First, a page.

Wednesday, February 12, 2014

Don't Judge a Book By Its Cover (Even Though Most People Do)

Wanted to start this week's entry off letting readers know all new followers for the Literary Mercenary, as well as my author Facebook page here, or my Tumblr page here in the month of February will receive a free ebook. Just follow, then contact me to get your free book!

Book Covers Make Your First Impression

How often have you been browsing online or wandering the aisles of a bookstore when something caught your eye? Maybe it was a wizard in a back alley with a glowing staff, or a redhead with a machine gun facing off against a werewolf, but whatever the image was it arrested your attention and stopped you cold. It made you look at the book, and at least half the time (an arbitrary number I'm basing on absolutely nothing) it made you pick up the book to find out what the hell it was about. Maybe you bought the book, and maybe you didn't buy the book, but either way you noticed it. That's a good book cover's job; getting browsers to stop long enough for the author's words to suck them in. If your book cover doesn't do that, then you have a serious problem. That serious problem, of course, is that you'll have a hard time selling books.

Traditionally the publisher takes care of the book cover. It has a vested interest in selling a lot of copies, and as such takes the marketing aspect of book covers quite seriously. For indie publishers, self-published authors, and those who work on the bottom of the food chain though, a poorly made cover is often a dead giveaway. If your cover turns heads though, it doesn't matter who published you; your metaphorical foot is in the door.

What Makes a Good Book Cover?

There's a lot of debate over what a "good" book cover does or doesn't look like. Art is subjective, and it's impossible to guarantee how someone will or won't react to a given book cover. There are certain elements that make a book cover good from a marketing perspective, though.

That got your attention, didn't it?
This cover belongs to the 1950s-themed horror anthology American Nightmare, which is currently available from Kraken Press here (It contains my contribution "Double Feature", which you should definitely check out). The image uses a dark background to bring across the air of danger, and it catches your eye by putting red and white in contrast in the foreground with both the title and the Cadillac. Once the eye has been drawn by the color scheme it notices the tentacles, and the uncanny image slaps the conscious brain with a desire to know just what the holy fuck is happening in this picture.

That's sort of the reaction you're looking for.

What Makes a Bad Book Cover?

Let's take this one step at a time...
Before I begin I would like to state that I mean no disrespect to Jupiter Gardens as a publisher. I had a good, working relationship with them, and it's because of them that many of my stories reached a reading public. With that said though, this design for the cover of my novella "The Unusual Transformation of Abraham Carver" (which you can still read here if you want to) has made selling it very difficult for me for a variety of reasons.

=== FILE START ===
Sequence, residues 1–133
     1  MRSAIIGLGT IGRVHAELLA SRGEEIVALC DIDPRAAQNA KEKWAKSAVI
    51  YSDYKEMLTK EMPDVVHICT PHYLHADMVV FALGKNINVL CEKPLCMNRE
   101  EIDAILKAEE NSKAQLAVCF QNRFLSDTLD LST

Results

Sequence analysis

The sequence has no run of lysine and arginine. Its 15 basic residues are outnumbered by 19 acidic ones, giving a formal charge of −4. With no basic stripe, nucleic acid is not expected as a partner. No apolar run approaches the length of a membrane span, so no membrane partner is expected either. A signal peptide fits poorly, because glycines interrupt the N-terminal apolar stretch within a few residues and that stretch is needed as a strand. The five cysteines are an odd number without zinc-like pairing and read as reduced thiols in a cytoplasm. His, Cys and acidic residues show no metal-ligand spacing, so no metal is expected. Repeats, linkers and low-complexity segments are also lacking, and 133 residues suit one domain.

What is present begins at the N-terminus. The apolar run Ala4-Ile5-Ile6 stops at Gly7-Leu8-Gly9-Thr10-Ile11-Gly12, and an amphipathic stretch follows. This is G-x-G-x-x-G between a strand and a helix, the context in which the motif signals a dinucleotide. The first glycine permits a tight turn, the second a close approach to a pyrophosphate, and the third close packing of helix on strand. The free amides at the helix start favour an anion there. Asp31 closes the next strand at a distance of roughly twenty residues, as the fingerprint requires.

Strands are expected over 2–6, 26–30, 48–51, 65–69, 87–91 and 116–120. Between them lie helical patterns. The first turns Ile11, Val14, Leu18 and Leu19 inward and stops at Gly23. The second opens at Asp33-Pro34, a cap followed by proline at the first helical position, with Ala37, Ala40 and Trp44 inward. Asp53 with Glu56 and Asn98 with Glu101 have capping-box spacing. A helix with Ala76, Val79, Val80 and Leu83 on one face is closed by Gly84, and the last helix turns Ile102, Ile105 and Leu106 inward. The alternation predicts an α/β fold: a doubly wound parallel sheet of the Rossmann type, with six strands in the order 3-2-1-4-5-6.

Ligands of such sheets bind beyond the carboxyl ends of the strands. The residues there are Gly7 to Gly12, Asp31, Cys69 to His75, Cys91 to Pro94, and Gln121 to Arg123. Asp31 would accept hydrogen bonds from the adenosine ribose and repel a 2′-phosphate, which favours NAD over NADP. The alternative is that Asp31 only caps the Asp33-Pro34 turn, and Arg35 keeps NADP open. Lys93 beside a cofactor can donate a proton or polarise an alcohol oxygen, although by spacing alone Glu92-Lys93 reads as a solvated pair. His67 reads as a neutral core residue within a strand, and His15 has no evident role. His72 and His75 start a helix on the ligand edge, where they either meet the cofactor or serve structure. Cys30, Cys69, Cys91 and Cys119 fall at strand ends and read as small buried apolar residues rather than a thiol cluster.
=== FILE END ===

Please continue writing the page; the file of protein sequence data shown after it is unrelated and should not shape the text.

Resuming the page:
Let's start with the color scheme. The photograph is a gray scale that has both light and dark, which makes it difficult to focus on the foreground. Neither the title of the book nor the author name pop out, which is confusing to the eye since they bleed into the background. The rainbow logo at the top is more eye-catching than anything else, and the two figures have nothing to do with the novella because the cover is one that the company used for a number of projects. All the artist had to do was change the title and author name, and the new cover was ready to go. This cover gives the reader no idea what the book is about, and in this case rather mis-represents the story. The novella is a dark, steampunk erotica that deals with a wife attempting to understand the bizarre changes her husband is going through after being the subject of an experimental medical procedure. What in the cover gives the reader that impression?

Nothing. The correct answer is nothing.

What Your Book Cover Needs to Do

Aside from just being goddamn awesome.
Good book covers convey what will be found in the following pages. They provide an eye-catching, engaging image that meets a certain, professional standard. They put the title, as well as the author's name, front and center. Most importantly, a cover design can be reduced to one-square inch of space as it will be on a website without losing clarity. A cover that's simply too busy, and which has too many elements, may be overlooked as messy or boring by readers who are in a hurry to get their next story fix.

Humans are visual creatures, and it's ironic that in order to sell a book it requires a cover that arrests the wandering attention long enough to make someone pick the book up and take a closer look. As consumers we also tend to associate sleek, engaging covers with professionalism. We know consciously that a terrible story might have a really pretty cover, but it's not something we think about. On the other hand we might admit that a poorly made cover might have an amazing story underneath it, but we rarely check to make sure. Much like people, we often associate a pretty face with a story we really want to be told.

No comments:

Post a Comment